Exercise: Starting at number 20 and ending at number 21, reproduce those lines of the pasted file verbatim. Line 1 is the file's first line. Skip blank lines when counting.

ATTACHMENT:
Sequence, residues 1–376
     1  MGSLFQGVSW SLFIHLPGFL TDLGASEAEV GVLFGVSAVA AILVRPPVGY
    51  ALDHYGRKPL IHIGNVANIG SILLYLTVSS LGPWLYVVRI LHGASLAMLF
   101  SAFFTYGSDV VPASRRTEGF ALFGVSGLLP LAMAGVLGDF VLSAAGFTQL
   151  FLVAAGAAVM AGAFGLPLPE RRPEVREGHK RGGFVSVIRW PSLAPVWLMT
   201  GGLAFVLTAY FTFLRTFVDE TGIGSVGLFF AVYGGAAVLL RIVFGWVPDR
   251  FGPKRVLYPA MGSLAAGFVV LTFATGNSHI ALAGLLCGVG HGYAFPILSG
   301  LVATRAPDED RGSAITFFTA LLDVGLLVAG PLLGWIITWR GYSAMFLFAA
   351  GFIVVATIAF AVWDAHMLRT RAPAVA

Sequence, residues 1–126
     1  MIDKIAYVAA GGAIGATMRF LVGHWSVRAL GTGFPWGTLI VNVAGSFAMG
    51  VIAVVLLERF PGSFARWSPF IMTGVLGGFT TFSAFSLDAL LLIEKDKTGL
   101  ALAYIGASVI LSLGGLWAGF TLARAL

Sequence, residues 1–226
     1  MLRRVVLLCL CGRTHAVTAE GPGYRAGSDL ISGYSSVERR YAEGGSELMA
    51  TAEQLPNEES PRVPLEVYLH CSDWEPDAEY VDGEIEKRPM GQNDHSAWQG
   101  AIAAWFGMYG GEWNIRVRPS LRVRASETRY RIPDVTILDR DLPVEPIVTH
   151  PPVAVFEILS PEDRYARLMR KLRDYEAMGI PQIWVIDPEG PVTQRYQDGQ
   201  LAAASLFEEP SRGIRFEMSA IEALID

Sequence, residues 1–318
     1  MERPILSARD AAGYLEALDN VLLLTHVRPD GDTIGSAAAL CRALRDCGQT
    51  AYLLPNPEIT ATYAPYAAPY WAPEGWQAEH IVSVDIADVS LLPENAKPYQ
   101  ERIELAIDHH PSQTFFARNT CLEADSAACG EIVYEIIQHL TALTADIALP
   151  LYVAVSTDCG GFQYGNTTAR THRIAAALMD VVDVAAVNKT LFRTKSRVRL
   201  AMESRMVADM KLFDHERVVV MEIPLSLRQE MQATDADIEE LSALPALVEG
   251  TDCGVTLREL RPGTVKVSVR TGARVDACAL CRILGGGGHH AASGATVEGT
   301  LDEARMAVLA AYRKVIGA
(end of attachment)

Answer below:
Sequence, residues 1–318
     1  MERPILSARD AAGYLEALDN VLLLTHVRPD GDTIGSAAAL CRALRDCGQT